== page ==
Our Battle Against Stress

We are a strange people. Even though most of us live stress-filled lives, we voluntarily add to that stress by choosing certain activities that create more tension, such as reading, watching, or listening, to the news. We are inexplicably drawn toward “bad news.” The media moguls are aware of this phenomenon, so they saturate their products with doom and gloom, relying on our endless craving for disturbing news “good news is no news.” It’s no surprise many of us end up depressed, as well as stressed.

When we focus on this never-ending litany of disaster, despair, dissension, etc., we accumulate a large amount of stress-inducing information. It is easy to forget the net effect of storing these memories can create pressure that may wear down our minds and bodies. Since pressure is already unavoidable, why do we like to add more? Why fuel a fire that may already be raging out of control?

The media is certainly not the only culprit, just an example. In fact, the specter of stress comes at us from all directions and most of us find ourselves inadequately prepared to cope. That’s too bad because stress is only going to become more pervasive in the future.

People handle the stress in their lives in a variety of ways. One approach is stress tolerance. This passive approach can be unhealthy. To adopt the attitude, “oh well, stress is everywhere and there’s nothing I can do about it” induces a sense of fatalism and powerlessness. This philosophy creates more victims than survivors.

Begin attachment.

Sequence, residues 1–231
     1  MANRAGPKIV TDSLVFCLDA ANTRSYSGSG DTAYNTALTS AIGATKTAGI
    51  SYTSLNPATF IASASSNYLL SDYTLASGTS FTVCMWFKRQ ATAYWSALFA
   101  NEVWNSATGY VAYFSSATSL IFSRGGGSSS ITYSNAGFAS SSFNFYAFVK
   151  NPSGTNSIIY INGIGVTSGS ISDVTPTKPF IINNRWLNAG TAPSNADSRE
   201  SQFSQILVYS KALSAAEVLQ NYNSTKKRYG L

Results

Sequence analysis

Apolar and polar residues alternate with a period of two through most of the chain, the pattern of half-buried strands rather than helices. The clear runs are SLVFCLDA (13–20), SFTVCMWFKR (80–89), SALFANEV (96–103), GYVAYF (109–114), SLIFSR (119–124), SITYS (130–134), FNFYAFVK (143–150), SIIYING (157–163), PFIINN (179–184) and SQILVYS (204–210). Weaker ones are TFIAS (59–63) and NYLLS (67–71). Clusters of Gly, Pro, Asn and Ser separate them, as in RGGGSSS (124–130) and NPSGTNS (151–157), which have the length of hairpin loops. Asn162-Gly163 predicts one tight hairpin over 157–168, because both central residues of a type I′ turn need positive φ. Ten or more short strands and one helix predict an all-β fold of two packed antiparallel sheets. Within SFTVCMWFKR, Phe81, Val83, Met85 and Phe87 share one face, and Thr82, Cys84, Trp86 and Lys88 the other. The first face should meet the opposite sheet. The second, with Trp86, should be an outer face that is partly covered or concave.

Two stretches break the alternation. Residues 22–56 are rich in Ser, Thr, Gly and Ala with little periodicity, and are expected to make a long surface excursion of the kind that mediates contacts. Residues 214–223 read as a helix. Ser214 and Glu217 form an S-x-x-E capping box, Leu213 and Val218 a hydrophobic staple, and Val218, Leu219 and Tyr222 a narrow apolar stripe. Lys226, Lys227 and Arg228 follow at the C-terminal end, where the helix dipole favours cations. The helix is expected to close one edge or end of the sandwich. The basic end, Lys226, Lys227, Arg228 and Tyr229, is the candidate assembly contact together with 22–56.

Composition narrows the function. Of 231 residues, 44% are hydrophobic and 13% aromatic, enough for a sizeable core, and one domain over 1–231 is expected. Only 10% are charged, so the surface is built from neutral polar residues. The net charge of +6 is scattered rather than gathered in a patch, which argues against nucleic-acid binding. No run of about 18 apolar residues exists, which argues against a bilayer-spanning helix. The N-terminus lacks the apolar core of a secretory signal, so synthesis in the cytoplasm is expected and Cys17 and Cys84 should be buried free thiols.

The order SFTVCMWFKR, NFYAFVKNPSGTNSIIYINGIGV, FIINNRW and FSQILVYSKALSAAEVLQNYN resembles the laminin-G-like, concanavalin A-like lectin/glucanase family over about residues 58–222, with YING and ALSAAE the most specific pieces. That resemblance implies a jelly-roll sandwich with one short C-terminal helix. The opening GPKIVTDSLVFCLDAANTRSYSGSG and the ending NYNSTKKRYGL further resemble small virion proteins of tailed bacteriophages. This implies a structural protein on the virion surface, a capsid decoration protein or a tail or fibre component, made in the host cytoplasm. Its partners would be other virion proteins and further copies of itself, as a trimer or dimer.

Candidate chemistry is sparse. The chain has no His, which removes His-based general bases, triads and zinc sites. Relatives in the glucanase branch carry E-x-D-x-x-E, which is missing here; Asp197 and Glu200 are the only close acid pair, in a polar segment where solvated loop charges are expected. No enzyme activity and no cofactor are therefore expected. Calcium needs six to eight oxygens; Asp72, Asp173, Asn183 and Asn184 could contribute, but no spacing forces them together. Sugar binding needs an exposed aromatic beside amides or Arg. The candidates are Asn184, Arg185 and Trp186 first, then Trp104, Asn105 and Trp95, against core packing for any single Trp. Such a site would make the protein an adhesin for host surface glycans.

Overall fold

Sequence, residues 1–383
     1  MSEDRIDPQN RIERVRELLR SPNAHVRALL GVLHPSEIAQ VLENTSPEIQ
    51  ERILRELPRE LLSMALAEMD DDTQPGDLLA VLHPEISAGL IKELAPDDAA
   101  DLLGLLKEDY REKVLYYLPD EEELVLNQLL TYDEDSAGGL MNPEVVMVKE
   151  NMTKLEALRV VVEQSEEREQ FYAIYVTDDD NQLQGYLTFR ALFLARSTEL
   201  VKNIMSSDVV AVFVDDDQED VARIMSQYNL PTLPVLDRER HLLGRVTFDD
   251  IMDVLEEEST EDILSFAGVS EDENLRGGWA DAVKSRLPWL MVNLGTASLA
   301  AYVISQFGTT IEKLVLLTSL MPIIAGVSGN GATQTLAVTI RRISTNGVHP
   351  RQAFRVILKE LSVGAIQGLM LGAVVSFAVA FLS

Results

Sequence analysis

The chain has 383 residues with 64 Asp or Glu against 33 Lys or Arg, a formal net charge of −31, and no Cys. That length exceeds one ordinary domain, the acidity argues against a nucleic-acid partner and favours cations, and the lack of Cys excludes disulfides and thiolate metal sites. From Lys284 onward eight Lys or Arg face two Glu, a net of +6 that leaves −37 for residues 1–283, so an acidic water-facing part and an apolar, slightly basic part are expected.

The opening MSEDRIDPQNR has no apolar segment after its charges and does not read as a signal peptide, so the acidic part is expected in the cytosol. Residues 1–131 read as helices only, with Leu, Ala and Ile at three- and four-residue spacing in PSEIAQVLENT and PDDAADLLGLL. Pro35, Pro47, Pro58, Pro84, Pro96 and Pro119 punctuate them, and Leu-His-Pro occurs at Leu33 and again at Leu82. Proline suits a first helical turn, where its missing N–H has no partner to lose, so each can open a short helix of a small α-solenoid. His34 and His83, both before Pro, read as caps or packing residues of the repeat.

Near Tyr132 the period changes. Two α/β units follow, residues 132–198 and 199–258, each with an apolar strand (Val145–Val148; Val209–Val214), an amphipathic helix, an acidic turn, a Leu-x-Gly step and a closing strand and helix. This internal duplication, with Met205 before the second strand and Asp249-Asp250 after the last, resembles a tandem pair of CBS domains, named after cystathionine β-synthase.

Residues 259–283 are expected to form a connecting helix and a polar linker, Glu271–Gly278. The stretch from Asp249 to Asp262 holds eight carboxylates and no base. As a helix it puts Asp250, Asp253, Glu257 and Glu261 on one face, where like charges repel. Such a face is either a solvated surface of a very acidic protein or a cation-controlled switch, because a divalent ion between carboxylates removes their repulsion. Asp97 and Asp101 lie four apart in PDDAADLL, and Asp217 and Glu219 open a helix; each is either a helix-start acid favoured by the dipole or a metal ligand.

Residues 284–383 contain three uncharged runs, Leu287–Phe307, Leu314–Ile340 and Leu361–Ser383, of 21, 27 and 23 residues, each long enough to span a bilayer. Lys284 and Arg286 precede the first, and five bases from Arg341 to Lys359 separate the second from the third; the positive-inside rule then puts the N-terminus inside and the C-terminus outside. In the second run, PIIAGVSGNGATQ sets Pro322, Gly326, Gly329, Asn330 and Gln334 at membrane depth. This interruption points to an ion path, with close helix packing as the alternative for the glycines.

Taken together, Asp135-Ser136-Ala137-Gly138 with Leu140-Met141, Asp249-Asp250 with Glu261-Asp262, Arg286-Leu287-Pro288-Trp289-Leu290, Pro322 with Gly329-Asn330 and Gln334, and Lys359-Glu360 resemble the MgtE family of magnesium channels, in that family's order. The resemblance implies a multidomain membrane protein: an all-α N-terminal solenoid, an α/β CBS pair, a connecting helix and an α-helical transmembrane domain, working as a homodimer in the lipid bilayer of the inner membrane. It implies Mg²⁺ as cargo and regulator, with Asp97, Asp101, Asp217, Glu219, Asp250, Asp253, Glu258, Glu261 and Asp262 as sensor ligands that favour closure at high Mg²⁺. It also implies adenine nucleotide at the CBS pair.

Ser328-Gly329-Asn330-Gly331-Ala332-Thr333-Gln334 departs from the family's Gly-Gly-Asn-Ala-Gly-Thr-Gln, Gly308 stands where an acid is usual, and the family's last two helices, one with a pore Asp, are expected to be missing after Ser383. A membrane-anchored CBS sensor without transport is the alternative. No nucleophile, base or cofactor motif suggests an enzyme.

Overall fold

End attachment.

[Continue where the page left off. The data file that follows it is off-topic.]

Others, hopelessly, try to avoid stress altogether. This effort is so difficult and unnatural that it creates even more stress. Imagine the people who take their trailers to remote locations in the Mojave Desert and live in a small enclave just to avoid the pressure of civilization. Do you think most of them are enjoying the benefits of a stress free life? I doubt it!

A healthier approach is to fight against stress . This is a popular and effective strategy for many. It is proactive and aggressive and there is a competitive element involved (am I going to beat stress or is stress going to beat me?). These people go to the gym, run, take nutritional supplements, listen to tapes, etc. They are out to crush stress or at least keep it a bay.

Finally, there is the concept of embracing stress. To do this requires a paradigm shift. You need to view stress as a partner you must coexist with, recognizing both the good and bad qualities that it brings to the table and make the most of them. After all, without stress our capacity for motivation would wither away.

Stress is like the proverbial mountain in your path. Whether you go around it, over it, or through it, the task is going to be difficult. Of course, you can always stand there and wait for the mountain to crumble, or turn around and go in another direction, but you will soon see that the mountains are everywhere.

This being the case, perhaps your best option is to accept reality and embrace stress . Such an effort can call for a major change in your attitude.

Unfortunately, even the idea of change is enough to send some of you scrambling to another web site.

While much of what happens in life may be out of your control, your attitude is up to you. A wise man once said; “life is 10% what happens to you and 90% what you do about it.” He was referring to the concept of attitude. If stress is causing your life to spin out of control, then change your attitude .

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